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Re: Wiki page for style attribute

From: scott lewis <sfl@scotfl.ca>
Date: Tue, 3 Jul 2007 10:28:59 -0600
Message-Id: <B40F7AAC-53C5-4C91-973D-D8AFE84BD15D@scotfl.ca>
Cc: HTML Working Group <public-html@w3.org>
To: Eric Daspet <eric.daspet@survol.fr>

On 3 Jul 2007, at 0920, Eric Daspet wrote:

> On 7/2/07, Anne van Kesteren <annevk@opera.com > wrote:
>> On Mon, 02 Jul 2007 01:52:51 +0200, Sam Ruby <rubys@us.ibm.com>  
>> wrote:
>> > Anne van Kesteren wrote:
>> >>  2. Syndication is also addressed by <style scope>.
>> >
>> > Fully disagree.
>>
>> I said "also". Could you please elaborate on why you disagree with  
>> that?
>
> I do not see how "style scoped" could be a solution for  
> syndication. And, more generaly, I do not see how someone could  
> benefit from "style scoped" to put some external pieces of HTML  
> into a main document.
>
> In the wiki, the [style scoped][1] is expected to solve the use  
> cases [external material][2] and [embedding][3]. I do not think  
> this is the case.
>
> [1]: http://esw.w3.org/topic/HTML/StyleAttribute#style-element-scoped
> [2]: http://esw.w3.org/topic/HTML/StyleAttribute#external-material
> [3]: http://esw.w3.org/topic/HTML/StyleAttribute#embedding
>
> Let's face some concrete code
>
>     <html>
>     <head>
>       <title>test</title>
>       <style title="main"> background-color: blue ; color: white ;  
> </style>
>     </head>
>     <body>
>       <h1>Syndication : articles :</h1>
>       <article>
>         <style title="external material" scoped> color: blue ; </ 
> style>
>         <p>My external paragraph integrated in the main document</p>
>       </article>
>     </body>
>     </html>
>
> * Problem :
>
> I own the "main" document, you own the external material. I can't  
> be sure of the appearence of the integrated material, because you  
> could change the external styles. You can't be sure of the  
> appearence either, because you do not control my stylesheet. In my  
> example I define a default "white on blue" color. The external  
> material expect the usual white background and define a blue color.  
> The result is blue on blue, noone is "in fault".
>
> A solution could be an agreement between me and the author of the  
> external content. However if we do so, it would be simplier and  
> better to agree on common classnames with some style attached.  
> Moreover, this does not solve the syndication probleme because I do  
> not know all external authors a I won't be able to ask them to  
> change something.
>
> An other solution is avoiding conflicts. In this case it could be  
> redefine the background-color in the external stylesheet. However,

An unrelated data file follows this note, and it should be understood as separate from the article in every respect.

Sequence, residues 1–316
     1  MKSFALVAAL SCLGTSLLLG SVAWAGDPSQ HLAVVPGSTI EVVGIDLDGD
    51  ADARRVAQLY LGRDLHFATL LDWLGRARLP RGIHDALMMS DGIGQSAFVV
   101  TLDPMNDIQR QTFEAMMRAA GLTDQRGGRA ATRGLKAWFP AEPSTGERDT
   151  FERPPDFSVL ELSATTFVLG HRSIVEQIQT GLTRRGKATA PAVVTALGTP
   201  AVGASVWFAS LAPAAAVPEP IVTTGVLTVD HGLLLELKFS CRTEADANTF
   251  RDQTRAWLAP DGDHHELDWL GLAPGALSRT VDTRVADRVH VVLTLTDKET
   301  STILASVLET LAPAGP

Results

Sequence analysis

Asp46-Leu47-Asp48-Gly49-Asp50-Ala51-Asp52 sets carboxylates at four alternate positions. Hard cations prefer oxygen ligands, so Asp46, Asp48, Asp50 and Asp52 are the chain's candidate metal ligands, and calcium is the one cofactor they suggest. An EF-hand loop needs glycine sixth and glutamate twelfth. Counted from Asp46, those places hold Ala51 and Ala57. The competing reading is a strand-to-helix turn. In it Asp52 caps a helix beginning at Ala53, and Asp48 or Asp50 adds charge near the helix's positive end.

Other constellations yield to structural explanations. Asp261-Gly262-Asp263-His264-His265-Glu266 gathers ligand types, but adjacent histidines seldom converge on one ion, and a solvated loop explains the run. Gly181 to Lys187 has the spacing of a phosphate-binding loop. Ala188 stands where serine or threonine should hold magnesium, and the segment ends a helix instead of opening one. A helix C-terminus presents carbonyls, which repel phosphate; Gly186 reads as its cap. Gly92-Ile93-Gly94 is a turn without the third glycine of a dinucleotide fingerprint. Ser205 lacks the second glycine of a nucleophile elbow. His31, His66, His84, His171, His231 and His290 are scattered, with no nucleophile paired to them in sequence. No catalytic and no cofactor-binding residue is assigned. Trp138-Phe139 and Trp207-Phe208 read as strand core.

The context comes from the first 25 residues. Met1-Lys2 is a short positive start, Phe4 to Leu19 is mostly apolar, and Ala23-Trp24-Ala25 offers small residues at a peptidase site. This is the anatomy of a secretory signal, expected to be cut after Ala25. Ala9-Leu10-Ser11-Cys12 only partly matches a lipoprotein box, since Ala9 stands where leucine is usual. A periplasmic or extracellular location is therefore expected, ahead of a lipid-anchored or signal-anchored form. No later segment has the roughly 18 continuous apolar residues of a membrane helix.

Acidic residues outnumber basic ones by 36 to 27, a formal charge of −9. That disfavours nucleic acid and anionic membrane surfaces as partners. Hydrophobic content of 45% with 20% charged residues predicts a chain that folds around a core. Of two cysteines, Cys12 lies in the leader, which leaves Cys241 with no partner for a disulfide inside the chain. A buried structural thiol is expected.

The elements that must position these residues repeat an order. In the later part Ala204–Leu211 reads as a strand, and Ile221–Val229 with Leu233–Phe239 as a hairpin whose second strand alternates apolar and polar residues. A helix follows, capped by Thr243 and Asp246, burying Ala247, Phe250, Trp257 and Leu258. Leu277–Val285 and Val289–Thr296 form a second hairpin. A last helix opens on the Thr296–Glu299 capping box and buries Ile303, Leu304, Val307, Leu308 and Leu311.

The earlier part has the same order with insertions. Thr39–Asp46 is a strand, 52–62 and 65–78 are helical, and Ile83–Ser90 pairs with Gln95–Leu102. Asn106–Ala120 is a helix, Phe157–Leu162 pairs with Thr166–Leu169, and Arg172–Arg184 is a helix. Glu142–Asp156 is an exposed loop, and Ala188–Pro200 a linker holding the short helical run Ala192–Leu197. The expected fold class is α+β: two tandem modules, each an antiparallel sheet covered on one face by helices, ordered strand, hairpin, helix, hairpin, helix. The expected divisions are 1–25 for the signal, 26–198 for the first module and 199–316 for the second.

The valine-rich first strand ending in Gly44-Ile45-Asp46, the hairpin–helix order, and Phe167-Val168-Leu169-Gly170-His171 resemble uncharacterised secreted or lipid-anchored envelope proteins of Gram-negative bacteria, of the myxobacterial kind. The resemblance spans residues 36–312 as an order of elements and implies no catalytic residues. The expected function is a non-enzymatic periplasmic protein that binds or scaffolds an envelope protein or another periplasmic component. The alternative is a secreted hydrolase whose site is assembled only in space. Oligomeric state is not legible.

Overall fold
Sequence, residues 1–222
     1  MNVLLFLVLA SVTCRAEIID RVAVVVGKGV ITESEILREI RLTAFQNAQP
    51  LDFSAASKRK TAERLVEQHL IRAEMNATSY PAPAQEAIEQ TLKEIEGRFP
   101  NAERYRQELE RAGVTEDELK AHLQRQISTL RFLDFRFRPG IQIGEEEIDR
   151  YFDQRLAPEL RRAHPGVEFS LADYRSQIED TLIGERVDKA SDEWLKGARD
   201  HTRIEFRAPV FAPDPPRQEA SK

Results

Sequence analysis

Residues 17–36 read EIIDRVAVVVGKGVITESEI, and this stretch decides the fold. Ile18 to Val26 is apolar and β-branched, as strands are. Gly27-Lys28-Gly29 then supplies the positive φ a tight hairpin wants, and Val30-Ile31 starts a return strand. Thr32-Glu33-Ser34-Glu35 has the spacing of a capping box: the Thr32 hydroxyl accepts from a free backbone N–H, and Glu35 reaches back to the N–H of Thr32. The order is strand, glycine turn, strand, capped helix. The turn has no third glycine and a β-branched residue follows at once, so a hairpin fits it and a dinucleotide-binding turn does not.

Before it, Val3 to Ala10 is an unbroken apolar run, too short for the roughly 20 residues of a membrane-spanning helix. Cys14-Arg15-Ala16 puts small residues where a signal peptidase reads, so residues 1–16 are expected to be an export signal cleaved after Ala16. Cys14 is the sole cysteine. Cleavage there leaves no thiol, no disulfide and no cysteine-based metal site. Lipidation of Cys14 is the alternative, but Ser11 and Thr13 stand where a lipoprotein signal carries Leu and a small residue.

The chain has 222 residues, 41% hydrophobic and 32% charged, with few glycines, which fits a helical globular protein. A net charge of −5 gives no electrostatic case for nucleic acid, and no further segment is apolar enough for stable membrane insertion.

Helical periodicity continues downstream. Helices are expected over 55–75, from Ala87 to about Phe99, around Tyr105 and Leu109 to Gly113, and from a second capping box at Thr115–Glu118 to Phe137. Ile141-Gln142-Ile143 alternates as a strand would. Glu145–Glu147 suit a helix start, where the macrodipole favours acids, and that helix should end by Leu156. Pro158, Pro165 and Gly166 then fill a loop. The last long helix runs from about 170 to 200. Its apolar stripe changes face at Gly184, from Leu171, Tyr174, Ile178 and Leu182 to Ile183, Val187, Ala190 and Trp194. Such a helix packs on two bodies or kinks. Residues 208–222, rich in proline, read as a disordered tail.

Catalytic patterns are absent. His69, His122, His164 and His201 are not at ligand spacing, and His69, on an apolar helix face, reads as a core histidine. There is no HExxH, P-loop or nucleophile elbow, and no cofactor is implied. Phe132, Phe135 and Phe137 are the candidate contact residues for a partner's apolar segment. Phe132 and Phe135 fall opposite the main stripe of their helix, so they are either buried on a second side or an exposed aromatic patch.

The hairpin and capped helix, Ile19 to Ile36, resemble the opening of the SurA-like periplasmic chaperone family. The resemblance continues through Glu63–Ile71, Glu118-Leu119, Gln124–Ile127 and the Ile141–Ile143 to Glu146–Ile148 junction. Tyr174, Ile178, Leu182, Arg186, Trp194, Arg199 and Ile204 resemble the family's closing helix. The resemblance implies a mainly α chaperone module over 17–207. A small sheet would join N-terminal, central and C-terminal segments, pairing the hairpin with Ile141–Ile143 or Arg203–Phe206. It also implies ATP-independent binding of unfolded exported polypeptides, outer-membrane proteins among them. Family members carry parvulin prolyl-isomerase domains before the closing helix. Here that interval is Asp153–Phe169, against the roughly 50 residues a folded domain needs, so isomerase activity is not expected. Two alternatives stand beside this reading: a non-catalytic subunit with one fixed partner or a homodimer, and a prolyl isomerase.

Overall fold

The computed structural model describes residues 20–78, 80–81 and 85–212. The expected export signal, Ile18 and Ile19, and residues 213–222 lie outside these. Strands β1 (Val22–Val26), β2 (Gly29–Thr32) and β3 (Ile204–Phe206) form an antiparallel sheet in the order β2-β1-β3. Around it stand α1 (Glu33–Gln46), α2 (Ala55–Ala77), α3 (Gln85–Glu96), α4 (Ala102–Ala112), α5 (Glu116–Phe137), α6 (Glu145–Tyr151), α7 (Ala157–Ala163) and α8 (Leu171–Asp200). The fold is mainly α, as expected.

> as the owner I can't be sure that all the external authors will do  
> it, especially in the syndication use case. Even if external  
> authors are smart, it is difficult to avoid conflicts. External  
> authors have to care about selectors priorities (they don't know  
> mines), fonts (size, color, spacing, indentation), position  
> (position absolute, relative, floats that could overlap, if a clear  
> breaks something in my design ...), doctype switching (the external  
> material could be in html 4 with the quirks mode, and me in html 5  
> triggering standard mode) ...
>
>
> In no way (AFAIK) either me either the external author could be  
> sure that the external material is even readable. At least I do not  
> see how this is doable in the syndication use case.
>
> Well, there is *one* way I can see : if I control both stylesheets.  
> But if I control both, I am able to put them both in the head  
> section with precise selectors.


Wouldn't the same problem happen if the external material defined  
it's appearance with style attributes? Anne's suggestion was that  
scoped style elements would cover the use case of externally-sourced  
fragments at least as well as the style attribute would. The problem  
you point out doesn't seem to have bearing on that suggestion.

Although, on further reflection, it would seem that perhaps the  
problem you point out is an argument *for* using scoped style for  
externally sourced fragments. The only way to ensure that the  
external fragment matches your document's styling would be to strip  
any inline style from the fragment. To that end, removing a style  
element would seem to be simpler than removing a number of style  
attributes.

scott.
Received on Tuesday, 3 July 2007 16:29:08 UTC

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